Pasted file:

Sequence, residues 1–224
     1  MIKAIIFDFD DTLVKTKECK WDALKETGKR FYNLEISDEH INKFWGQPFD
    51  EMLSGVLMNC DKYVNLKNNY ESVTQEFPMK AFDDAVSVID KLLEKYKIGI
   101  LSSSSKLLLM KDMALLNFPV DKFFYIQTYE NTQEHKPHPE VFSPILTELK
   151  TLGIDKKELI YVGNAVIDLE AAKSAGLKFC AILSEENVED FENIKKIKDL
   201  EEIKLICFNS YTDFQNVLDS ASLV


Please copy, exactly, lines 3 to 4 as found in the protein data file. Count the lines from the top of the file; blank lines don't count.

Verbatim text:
    51  EMLSGVLMNC DKYVNLKNNY ESVTQEFPMK AFDDAVSVID KLLEKYKIGI
   101  LSSSSKLLLM KDMALLNFPV DKFFYIQTYE NTQEHKPHPE VFSPILTELK